Professor Kazubowski-Houston is the Co-Founding Member of the Centre for Imaginative Ethnography (CIE), a project committed to advancing critical and politically conscious research. She has also worked as a professional theatre director, performer, and playwright in Canada and Poland, and trained as a theatre director with prominent Polish theatre/visual artist Józef Szajna.
Gord has been lucky enough to have acted across the city and around the world, most recently appearing in Stratford’s production of Oedipus Rex. Other favourite roles include: the title role in The Philanderer at Shaw Festival, Christy Mahon in Playboy of the Western World, Uri in Michael Healey’s The Innocent Eye Test and the title role in Hamlet with Necessary Angel. He is the Dora nominated playwright of Orgy in the Lighthouse, Pond Life, The Trial of Thumbelina and (upcoming) The Trouble with Mr Adams. He directed the feature documentary Goodness in Rwanda (Audience Choice Award, Best Doc Award) and is working on another – War Dog. He is currently Playwright in Residence at the Tarragon Theatre and is adapting Pond Life into a feature film. Follow him! @GordRand.
An Iranian-Canadian actor/writer, Sina started his theatrical journey as an audience and volunteer before following his heart into theatre. Being invited to National Theatre School for two playwriting workshops, he then went to Humber College to train as a performer. He discovered a passion for devised approaches, and creating new works of theatre. A poet himself, he has also developed a love for Shakespearian and other classical texts (especially Greek!). He has enjoyed working on Comedy of Errors, Twelfth Night, … And the King Dances (Humber), Hello Out There (Lemaz Productions), and How to Store Pomegranates (YCU, Buddies in Bad Times). He is currently a grad student at York university (MA performance studies). His new play In Case of Nothing was performed as part the SummerWorks Festival 2015.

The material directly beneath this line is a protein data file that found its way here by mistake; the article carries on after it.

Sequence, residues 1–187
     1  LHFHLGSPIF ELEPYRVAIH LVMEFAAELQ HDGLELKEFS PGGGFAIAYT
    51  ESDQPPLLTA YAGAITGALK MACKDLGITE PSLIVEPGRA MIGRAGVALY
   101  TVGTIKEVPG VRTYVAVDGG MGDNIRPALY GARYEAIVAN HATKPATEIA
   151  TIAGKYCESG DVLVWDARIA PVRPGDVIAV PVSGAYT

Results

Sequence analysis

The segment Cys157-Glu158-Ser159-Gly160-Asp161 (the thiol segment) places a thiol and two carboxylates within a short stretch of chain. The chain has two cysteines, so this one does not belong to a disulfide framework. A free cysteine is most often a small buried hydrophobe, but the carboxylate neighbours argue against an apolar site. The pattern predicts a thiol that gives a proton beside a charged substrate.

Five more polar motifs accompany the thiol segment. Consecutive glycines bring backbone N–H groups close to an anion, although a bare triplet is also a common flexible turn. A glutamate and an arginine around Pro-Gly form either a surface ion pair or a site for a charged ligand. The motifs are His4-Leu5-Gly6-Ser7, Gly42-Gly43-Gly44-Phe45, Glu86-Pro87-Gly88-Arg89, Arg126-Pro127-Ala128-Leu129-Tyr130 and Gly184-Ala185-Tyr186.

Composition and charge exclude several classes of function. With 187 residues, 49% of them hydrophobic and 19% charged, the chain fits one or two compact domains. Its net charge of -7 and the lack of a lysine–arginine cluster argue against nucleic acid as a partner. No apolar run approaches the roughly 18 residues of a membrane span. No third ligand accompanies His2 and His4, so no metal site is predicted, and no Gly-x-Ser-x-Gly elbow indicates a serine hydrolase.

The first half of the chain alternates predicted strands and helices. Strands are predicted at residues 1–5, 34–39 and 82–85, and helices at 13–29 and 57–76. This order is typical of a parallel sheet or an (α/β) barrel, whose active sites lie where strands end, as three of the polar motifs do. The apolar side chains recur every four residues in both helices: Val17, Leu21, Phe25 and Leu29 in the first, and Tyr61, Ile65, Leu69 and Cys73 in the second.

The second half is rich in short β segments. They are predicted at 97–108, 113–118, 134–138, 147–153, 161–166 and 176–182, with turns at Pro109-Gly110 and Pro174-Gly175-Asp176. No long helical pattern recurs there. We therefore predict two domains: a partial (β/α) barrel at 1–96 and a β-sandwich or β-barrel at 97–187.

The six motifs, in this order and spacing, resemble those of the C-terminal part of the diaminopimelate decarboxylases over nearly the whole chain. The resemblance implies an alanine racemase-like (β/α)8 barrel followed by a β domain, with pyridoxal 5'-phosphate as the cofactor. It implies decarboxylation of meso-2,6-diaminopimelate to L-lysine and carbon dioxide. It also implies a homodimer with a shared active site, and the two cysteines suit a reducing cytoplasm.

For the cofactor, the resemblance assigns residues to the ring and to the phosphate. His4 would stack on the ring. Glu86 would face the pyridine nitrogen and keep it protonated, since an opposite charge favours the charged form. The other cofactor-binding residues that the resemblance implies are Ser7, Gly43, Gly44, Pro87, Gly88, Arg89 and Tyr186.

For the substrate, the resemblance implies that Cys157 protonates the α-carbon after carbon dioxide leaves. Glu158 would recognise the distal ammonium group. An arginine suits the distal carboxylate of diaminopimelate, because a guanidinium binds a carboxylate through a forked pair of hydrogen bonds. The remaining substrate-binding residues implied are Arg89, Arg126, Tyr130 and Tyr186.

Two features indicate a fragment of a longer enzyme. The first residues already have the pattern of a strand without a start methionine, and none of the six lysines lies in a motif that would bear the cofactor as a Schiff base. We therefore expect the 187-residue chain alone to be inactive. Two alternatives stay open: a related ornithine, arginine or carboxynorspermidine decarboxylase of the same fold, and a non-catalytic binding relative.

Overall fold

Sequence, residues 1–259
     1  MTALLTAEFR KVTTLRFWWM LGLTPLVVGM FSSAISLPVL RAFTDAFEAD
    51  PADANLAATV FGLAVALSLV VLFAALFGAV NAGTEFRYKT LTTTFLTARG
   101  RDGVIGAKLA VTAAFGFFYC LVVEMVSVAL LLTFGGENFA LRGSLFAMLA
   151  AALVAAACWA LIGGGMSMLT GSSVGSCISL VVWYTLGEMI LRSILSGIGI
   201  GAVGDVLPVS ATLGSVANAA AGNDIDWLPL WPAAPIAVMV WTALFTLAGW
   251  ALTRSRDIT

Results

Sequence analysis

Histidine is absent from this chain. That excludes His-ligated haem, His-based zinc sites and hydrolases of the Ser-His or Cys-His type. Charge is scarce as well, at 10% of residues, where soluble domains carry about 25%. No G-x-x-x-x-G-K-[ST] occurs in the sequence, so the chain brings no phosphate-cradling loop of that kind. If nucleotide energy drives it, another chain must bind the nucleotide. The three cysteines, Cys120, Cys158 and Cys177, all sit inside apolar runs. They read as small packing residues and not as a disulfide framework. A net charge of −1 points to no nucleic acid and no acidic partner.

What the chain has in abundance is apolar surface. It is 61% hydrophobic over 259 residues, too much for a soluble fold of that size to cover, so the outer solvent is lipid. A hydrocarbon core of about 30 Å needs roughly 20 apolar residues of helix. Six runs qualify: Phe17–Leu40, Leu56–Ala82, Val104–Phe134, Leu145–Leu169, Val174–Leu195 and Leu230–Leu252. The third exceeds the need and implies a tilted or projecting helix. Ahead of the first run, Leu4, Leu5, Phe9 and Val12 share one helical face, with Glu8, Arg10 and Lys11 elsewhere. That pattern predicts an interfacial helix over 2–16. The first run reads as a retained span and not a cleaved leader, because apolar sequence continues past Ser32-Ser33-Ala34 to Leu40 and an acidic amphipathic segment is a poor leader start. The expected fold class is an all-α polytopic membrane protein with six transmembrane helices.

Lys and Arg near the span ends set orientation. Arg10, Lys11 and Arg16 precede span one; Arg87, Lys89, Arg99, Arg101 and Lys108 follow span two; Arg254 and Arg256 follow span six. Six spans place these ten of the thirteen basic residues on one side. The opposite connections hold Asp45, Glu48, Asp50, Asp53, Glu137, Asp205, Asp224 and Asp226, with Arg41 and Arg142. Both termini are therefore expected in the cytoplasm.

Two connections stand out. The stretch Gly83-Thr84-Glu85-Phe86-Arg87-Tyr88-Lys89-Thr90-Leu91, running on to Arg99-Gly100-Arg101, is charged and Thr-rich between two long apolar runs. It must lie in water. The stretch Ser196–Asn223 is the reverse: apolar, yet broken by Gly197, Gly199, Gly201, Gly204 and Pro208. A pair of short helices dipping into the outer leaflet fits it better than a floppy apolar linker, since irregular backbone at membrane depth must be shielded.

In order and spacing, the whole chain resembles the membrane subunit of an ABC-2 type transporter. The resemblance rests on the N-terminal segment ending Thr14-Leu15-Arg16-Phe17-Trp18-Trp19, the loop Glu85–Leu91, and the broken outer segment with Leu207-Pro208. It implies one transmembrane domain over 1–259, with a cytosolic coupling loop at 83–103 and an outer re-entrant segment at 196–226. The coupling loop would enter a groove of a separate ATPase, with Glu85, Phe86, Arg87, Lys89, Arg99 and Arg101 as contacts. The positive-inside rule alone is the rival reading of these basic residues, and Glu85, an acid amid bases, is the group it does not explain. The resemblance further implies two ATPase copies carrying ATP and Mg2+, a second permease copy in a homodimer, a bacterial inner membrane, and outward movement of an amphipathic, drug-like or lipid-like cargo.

Tuesdays – Saturdays at 8:00pm // Sunday at 2:30pm // All previews at 8:00pm
Saturday, September 12 // 8pm (preview)
Sunday, September 13 // 8pm (preview)
Tuesday, September 15 // 8pm (preview)
Wednesday, September 16 // 8pm (preview)
Thursday, September 17 // 8pm (opening night)
Friday, September 18 // 8pm
Saturday, September 19 // 8pm
Sunday, September 20 // 2:30pm
Tuesday, September 22 // 8pm
Wednesday, September 23 // 8pm
Thursday, September 24 // 8pm
Friday, September 25 // 8pm
Saturday, September 26 // 8pm
Sunday, September 27 // 2:30pm
Tuesday, September 29// 8pm
Wednesday, September 30 // 8pm
Thursday, October 1 // 8pm
Friday, October 2 // 8pm
Saturday, October 3 // 8pm
Sunday, October 4 // 2:30pm
Ways to Save
Whether you want to see just one show or keep coming back for more, Buddies has affordable ticket options that are right for you. We have Rush Tickets during the week and Pay-What-You-Can shows every Sunday. We also have $25 tickets to almost every show for folks who buy their tickets early, and you can save even more when you sign up for Buddies Rewards.
Buy Early & Save: tickets to any performance are $25 before Sept. 10
Su $32 advance or PWYC at the door
Su $27 advance or PWYC at the door